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Cape Community School

Freetown, Sierra Leone






June 2008: We hear that there is another renovation of the school "as if it's a new building."


Renovations 2007: The work was sponsored by the United Nations Mission in Sierra Leone (UNOMSIL). A ribbon cutting ceremony was held on 30 June 2007 (see pdf with photos).A Grain of Change has no money for the project. We were unaware of it until a friend emailed us about the work in progress. Again, we are very pleased that something is getting done.

We thank the Arvada, Colorado (USA) high school class of 2006 for trying so hard to send packages to the school via regular post.. Unfortunately the packages never arrived. To send about one-half kilogram to Sierra Leone from Europe via DHL would cost 160 euros.












They killed this student's father and mother. The teacher has since died.*

In front of my eyes, they cut two hands of a girl, raped her, and then they cut the two legs and raped her again.

They raped my brother.

They raped my sister.



What happens during wars often is too horrible to show in films, without interesting perverts and dissuading others. The film Blood Diamond, for example, stays as close to the truth as was reasonably possible. If you want to know more about the worldwide problem of child soldiers and other awful realities of contemporary warfare, read the lengthy Amnesty International "reports." 2014 note: These lengthy reports are no longer available. Amnesty now appears to be hostile to humanitarian causes, in our opinion.

* (from the above left photo) The principal said that he doesn't know why the teacher, Mr. M. Basiru Thomas, died. At work he had seemed healthy all day long. Then late in the day he suddenly fell down and died. Even now frequent deaths of friends and relations (usually due to disease or accidents) is a normal part of life in Freetown.













Started during the war, most of the students are homeless, and from prostitutes. The children love their school and are enthusiastic about their teachers.

Moriba Ben Swaray, headmaster

Wooden shutters are needed to keep the floor dry during the rainy season. They prefer shutters to windows, for the air circulation.



      Needs
- The teachers and administrators need enough money to live. Too often they go unpaid.
- The children need the education and basic necessities. Food regularly at lunchtime would help.
- A kitchen and a food budget would be an improvement for both teachers and students alike.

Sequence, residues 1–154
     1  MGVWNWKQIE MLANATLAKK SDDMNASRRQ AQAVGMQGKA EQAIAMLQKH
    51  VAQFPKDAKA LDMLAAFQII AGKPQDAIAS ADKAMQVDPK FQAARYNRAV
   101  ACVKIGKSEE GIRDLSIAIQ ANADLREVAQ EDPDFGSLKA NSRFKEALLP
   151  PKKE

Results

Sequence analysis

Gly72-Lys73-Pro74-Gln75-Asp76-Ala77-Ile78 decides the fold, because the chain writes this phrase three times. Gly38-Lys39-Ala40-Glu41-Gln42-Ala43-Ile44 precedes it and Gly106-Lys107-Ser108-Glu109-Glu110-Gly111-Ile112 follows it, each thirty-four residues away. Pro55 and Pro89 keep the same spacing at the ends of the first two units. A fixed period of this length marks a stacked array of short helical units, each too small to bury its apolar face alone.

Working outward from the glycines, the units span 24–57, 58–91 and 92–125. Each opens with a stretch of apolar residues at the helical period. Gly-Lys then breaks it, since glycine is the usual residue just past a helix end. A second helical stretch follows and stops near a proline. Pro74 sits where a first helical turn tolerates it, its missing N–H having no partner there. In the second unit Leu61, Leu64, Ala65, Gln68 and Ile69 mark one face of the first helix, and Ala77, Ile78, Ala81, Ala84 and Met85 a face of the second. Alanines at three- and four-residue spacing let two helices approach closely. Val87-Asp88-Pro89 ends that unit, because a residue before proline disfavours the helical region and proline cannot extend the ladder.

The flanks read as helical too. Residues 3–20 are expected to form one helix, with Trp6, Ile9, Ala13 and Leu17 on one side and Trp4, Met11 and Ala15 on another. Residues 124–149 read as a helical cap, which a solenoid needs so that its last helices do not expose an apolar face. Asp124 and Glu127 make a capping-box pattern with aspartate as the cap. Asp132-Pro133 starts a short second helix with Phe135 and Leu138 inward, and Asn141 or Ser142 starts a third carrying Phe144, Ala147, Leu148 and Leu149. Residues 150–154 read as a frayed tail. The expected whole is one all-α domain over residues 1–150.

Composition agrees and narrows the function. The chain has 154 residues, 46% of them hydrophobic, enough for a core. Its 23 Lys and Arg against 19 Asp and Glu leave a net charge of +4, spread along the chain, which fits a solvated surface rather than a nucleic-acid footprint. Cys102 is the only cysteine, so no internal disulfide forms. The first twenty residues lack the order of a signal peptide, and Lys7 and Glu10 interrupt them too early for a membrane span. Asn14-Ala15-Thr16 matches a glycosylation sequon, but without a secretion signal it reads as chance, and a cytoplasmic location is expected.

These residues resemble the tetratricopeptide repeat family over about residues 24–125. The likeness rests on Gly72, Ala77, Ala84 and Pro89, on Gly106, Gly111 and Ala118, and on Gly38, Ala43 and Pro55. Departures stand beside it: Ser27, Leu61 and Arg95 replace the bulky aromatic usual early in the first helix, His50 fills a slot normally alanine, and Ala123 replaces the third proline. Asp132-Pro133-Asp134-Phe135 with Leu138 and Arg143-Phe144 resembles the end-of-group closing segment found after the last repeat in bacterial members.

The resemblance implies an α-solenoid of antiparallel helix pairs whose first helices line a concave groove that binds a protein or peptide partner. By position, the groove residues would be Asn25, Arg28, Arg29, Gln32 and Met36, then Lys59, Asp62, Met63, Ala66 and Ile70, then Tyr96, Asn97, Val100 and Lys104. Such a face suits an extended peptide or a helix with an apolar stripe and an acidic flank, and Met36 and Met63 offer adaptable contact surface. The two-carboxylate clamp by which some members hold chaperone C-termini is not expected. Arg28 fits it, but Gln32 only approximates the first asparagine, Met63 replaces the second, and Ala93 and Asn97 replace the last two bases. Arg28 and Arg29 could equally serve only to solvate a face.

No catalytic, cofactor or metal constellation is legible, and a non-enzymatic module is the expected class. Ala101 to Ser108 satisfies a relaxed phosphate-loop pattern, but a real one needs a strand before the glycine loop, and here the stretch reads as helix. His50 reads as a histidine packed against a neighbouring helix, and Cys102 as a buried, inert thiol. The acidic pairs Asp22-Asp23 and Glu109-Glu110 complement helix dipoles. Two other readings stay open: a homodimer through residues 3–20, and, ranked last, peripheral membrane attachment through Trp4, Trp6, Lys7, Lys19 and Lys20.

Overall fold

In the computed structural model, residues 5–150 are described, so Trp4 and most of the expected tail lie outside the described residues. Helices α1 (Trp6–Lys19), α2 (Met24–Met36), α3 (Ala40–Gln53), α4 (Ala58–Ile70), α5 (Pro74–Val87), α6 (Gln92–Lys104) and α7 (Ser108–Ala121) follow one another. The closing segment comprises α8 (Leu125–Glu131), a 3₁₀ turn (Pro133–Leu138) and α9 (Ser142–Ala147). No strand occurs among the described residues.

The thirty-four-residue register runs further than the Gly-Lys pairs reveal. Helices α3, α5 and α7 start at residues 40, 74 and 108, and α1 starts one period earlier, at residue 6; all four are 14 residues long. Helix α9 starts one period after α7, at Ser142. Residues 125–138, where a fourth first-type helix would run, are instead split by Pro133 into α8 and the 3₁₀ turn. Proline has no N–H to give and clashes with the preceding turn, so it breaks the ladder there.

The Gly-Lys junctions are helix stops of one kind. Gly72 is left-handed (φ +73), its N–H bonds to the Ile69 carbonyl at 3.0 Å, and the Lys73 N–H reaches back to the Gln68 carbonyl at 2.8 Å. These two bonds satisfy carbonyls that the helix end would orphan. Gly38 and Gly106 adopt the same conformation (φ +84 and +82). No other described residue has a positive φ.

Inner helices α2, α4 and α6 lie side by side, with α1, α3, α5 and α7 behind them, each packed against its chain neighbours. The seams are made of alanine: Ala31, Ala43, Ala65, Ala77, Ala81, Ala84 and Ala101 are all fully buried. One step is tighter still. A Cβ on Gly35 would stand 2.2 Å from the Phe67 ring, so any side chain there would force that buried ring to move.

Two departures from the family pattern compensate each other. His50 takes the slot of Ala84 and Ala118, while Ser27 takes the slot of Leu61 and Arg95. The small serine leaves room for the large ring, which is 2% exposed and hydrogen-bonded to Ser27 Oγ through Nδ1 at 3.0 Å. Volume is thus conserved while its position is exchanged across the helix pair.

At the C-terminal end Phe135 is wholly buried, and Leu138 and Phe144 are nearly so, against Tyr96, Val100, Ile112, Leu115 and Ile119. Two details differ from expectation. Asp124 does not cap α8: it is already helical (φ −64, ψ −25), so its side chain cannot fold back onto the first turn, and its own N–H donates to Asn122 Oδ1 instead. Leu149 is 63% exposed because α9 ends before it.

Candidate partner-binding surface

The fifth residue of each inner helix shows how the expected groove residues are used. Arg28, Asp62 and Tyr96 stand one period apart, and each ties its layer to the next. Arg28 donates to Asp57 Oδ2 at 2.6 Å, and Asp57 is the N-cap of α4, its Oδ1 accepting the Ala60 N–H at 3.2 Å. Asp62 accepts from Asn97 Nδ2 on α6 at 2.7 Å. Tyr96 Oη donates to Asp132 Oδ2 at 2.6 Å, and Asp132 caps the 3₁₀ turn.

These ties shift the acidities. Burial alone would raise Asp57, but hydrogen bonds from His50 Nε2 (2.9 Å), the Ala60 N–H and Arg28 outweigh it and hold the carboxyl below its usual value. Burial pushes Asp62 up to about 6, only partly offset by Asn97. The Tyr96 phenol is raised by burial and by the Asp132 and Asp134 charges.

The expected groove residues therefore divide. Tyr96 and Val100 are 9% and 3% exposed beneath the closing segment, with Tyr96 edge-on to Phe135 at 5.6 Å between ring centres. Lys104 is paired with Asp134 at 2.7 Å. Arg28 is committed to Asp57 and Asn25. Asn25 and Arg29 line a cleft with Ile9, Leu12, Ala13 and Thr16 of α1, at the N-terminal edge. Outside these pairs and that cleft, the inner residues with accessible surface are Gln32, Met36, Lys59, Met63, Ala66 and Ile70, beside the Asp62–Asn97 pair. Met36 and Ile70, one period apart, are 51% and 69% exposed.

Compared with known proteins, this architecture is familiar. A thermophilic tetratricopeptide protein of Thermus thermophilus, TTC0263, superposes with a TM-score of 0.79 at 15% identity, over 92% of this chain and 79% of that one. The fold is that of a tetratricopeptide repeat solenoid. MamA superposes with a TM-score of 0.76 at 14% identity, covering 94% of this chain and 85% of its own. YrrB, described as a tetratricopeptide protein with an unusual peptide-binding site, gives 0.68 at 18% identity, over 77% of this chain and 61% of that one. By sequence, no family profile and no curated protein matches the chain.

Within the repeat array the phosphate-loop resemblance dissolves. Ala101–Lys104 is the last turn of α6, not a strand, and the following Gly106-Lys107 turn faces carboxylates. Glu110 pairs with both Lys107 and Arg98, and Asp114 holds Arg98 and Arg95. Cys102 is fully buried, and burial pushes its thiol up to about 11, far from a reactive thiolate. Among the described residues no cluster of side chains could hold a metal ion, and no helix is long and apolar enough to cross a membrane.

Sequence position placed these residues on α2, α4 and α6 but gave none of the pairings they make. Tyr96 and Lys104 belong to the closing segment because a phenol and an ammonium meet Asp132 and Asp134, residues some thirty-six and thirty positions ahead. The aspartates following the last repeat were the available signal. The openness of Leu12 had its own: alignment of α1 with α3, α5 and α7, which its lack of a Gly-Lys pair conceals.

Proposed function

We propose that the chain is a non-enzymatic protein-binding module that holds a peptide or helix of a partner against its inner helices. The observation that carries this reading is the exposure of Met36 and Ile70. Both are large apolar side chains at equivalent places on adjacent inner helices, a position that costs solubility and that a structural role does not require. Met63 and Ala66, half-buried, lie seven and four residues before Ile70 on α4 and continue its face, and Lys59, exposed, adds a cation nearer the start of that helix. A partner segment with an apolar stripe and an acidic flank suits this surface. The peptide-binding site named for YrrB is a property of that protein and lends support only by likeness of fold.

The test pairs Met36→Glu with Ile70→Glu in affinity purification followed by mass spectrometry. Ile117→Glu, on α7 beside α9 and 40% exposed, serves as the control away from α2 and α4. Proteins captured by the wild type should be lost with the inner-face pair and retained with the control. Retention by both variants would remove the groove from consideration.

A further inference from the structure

Rebels killed his father and brother, and they burned down the house.
She was shot in the leg during the war.









Learning tends to be by rote. With eight tiny ceilingless classrooms under one roof, noise echos everywhere. The teachers persevere with a fantastic energy. One teacher had written a poem on the blackboard, but he didn't know its author, because the book from which he copied it was decades old and lacked the cover and the first 30 pages.










I want to be a bank manager, because I like it so much.

I want to be the minister of finance.

He is dreaming of a laptop computer.










I want to be a musician.

I want to be a pilot and fly my teacher from one school to another.


I want to be a driver and drive my teacher from one school to another.









These three students would like to become president one day to stop poverty and hunger.









This is the only place to stay overnight. Up to 17 children sleep here. The room is only 5x3 meters (15x9 feet).
Sanitary conditions need attention.














Smoke from trash burning in a large dumpster wafts over to the school compound. A smaller trash dumpster in the other direction also burns from time to time.









Teachers are cooking their lunch here. They would like to build a tiny library on the site. Currently the books are kept in the principal's office in a small locker.







Often there are not enough chairs for the children. The smallest get the worst seats, or they sit on the floor.
A more basic, perhaps lifesaving, curriculum.


     Construction notes
- There is room for another small building on the grounds. A foundation, drainage, blocks, shutters, a roof, and finished walls. Buildings should be lockable and dry, but with plenty of airflow. The percentage of cement has to be higher, since the quality tends to be poor. Sand should not come from the sea (salt). Cinderblocks are  expensive, considering local wages. The quality of blocks can be questionable, but this should not be an issue for a one story building.

Earthen construction is another option, but the walls should be finished properly for sanitary reasons. More people could participate in the construction, if traditional earthen construction methods are used. It's basically the same as adobe construction. Bush sticks are a viable alternative to construction lumber.  If kept dry, these straight thick wood pieces, are sturdy enough. It requires a vehicle and people willing to go into the bush to cut them. Furthermore, these children, in their adult lives, probably will never be able to afford their own cinderblocks and cement. In Freetown they might not have the chance to learn traditional construction methods. Traditional construction requires more sweat and hard work and craftsmanship than money.